On December 20, 1950, two students and a professor from Heidelberg — René Leudesdorff, Georg von Hatzfeld and Hubertus zu Löwenstein — occupied the off-limits island and raised various German, European and local flags. The students were arrested by the British military and brought back to the mainland. The event started a movement to restore the islands to Germany, which gained the support of the German parliament. On March 1, 1952, Heligoland was returned to German control, and the former inhabitants were allowed to return. The first of March is an official holiday on the island. The German authorities had to clear a huge amount of undetonated ammunition, landscape the main island, and rebuild the houses before it could be resettled.
Heligoland is now a holiday resort and enjoys a tax-exempt status, as it is part of the EU but excluded from the EU VAT area and customs union. Consequently, much of the economy is founded on sales of cigarettes, alcoholic beverages and perfume to tourists who visit the islands. The ornithological heritage of Heligoland has also been re-established, with the Heligoland Bird Observatory, now managed by the Ornithologische Arbeitsgemeinschaft Helgoland e.V. (“Ornithological Society of Heligoland”) which was founded in 1991. A search and rescue (SAR) base of the DGzRS, the Deutsche Gesellschaft zur Rettung Schiffbrüchiger (“German Maritime Search and Rescue Service”), is located on Heligoland.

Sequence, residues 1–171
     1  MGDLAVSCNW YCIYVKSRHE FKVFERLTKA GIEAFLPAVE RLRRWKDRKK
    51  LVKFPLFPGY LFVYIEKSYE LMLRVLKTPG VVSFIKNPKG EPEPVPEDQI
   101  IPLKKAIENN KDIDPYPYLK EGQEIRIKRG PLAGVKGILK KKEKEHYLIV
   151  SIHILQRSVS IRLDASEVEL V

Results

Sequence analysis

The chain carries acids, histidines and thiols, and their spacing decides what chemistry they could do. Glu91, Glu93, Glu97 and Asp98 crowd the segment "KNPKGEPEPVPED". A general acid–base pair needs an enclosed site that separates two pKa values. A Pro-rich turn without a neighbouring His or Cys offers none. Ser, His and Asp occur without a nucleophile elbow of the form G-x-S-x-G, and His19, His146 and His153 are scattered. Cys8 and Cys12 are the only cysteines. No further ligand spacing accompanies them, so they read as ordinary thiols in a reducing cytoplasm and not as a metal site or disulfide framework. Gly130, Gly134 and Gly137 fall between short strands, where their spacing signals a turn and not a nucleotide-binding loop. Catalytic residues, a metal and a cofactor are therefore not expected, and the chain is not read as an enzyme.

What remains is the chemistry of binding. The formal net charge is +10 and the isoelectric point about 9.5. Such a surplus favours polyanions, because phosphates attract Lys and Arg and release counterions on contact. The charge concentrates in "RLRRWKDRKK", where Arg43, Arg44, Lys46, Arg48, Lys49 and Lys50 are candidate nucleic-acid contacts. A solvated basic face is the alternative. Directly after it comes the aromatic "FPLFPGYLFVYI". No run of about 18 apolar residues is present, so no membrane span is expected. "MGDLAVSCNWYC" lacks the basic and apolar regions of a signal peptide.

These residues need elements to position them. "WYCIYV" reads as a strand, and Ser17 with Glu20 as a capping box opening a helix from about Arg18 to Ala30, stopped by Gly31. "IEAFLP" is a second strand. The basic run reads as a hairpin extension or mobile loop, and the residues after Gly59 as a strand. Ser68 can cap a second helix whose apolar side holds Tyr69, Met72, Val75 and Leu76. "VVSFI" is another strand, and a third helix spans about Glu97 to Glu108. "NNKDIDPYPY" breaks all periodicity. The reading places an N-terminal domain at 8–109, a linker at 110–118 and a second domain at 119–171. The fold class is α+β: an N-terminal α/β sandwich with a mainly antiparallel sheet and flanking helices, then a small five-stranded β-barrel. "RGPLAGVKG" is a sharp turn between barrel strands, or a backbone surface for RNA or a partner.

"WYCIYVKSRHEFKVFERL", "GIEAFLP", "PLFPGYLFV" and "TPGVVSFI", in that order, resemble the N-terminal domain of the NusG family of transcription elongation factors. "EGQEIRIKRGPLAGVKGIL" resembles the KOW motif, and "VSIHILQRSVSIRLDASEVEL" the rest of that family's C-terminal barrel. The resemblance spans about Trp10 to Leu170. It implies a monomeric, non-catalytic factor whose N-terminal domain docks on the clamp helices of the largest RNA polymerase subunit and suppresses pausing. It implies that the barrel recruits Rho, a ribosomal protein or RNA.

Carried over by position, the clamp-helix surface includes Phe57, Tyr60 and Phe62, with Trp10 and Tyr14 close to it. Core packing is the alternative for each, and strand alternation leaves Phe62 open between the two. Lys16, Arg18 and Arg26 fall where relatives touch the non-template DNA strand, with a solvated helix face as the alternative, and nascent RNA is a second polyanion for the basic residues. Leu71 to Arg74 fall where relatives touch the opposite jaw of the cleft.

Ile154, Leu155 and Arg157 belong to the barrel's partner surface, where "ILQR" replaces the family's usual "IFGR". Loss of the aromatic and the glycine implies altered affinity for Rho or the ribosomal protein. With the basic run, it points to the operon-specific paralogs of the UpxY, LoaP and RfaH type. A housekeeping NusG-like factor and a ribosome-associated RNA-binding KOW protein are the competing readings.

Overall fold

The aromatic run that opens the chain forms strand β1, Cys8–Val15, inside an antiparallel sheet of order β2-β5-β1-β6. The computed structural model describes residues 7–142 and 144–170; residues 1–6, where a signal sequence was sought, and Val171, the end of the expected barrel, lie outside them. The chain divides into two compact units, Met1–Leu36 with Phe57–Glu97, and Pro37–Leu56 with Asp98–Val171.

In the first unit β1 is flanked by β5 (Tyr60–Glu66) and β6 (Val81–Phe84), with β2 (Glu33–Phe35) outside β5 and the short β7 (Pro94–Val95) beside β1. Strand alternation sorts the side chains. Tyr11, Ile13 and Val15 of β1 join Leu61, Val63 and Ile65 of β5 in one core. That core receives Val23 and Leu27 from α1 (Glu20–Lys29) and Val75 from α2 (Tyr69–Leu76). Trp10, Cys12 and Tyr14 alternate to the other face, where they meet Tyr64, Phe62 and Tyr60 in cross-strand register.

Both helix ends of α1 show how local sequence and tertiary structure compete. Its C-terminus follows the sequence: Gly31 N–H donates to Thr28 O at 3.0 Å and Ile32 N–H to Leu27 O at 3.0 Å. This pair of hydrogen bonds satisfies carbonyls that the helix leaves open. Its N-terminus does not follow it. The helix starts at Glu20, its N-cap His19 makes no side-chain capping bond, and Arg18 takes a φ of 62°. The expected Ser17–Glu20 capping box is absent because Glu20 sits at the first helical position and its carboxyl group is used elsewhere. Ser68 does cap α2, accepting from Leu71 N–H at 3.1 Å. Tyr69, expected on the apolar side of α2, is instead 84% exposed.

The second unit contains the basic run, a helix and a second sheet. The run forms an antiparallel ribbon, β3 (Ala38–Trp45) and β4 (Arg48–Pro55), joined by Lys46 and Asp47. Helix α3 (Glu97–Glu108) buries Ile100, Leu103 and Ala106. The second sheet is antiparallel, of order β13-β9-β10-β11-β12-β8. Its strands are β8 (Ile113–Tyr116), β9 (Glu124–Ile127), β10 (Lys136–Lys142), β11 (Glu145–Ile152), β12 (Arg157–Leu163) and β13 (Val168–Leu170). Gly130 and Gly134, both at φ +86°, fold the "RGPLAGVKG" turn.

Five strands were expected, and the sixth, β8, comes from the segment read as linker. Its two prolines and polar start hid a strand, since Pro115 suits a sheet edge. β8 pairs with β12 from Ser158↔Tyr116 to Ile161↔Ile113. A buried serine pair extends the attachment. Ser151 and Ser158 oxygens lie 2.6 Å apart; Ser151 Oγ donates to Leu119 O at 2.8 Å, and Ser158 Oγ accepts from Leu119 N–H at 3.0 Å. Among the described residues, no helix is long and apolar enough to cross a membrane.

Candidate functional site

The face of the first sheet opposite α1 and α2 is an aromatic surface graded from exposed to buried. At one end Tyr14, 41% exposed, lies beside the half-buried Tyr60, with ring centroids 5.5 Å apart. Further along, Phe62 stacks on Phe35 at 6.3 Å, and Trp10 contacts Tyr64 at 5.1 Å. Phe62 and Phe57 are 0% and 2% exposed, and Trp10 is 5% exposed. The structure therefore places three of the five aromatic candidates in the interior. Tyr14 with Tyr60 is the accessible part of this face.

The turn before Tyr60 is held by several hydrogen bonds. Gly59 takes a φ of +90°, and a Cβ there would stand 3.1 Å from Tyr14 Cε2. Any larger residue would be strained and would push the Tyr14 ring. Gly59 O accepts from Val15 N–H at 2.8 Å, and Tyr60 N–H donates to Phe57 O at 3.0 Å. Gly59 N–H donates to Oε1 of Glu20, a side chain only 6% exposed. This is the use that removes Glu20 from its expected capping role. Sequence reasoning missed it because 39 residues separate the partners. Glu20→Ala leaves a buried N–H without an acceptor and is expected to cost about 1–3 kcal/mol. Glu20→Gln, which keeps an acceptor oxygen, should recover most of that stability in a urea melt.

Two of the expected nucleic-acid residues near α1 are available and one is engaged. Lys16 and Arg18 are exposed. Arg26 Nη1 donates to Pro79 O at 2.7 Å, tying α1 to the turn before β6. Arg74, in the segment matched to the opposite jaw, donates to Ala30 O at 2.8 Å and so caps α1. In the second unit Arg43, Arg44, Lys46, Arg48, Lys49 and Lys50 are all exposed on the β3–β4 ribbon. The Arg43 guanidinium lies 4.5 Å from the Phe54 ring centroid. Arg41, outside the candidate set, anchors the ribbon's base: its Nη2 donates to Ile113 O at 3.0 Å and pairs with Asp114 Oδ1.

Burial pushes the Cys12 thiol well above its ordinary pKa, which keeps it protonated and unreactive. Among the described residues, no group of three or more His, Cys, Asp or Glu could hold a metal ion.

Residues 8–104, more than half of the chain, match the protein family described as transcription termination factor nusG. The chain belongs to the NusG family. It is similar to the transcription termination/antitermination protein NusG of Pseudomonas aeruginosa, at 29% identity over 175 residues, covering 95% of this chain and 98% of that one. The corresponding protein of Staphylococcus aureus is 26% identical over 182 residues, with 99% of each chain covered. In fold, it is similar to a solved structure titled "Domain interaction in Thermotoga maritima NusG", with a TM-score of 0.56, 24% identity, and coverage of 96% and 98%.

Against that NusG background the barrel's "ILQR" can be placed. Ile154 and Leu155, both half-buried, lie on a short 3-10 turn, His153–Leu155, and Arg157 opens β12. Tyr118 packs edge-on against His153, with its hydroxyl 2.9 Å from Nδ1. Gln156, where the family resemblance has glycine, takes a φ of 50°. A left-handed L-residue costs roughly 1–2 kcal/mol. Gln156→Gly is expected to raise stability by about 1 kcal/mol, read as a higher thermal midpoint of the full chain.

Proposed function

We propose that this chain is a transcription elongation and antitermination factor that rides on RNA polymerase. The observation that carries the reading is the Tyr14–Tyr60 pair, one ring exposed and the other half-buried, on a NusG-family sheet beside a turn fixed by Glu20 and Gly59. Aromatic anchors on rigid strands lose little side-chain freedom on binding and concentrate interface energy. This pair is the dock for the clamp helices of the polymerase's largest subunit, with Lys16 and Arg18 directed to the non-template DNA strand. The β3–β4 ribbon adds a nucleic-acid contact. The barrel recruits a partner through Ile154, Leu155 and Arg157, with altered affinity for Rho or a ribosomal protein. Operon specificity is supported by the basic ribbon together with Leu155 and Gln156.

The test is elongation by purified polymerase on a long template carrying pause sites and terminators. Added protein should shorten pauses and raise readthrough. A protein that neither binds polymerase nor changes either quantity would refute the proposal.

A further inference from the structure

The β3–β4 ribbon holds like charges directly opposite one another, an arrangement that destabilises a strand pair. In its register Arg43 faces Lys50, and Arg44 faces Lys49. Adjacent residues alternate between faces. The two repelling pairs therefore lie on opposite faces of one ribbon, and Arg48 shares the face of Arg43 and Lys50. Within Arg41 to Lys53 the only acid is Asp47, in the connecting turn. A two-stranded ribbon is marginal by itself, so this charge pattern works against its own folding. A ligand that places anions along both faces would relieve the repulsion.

During the period when Heligoland was a British possession, about 20 postage stamps were issued. There were up to eight printings of a single denomination and also a large volume of reprints which are known as the Berlin, Leipzig and Hamburg Reprints, respectively. The Berlin reprints are sometimes better quality than the originals. The reprints were done between 1875 and 1895. Consequently, many “old” collections contain reprints rather than originals. Some believe there were seven million reprints as compared to the known 1½ million originals, of which perhaps half were sold through the post office and the remainder sold to dealers when withdrawn from use. A few printings were never postally sold but nevertheless found their way into the hands of dealers. The stamps were printed by the Prussian State Printing Office in Berlin. They were denominated in the Hamburg Schilling until 1875, when both German Reich and British values appeared on each stamp issue (the Farthing/Pfennig issues). All are embossed with a silhouette of Queen Victoria excepting the four highest values which represent Heligoland escutcheons.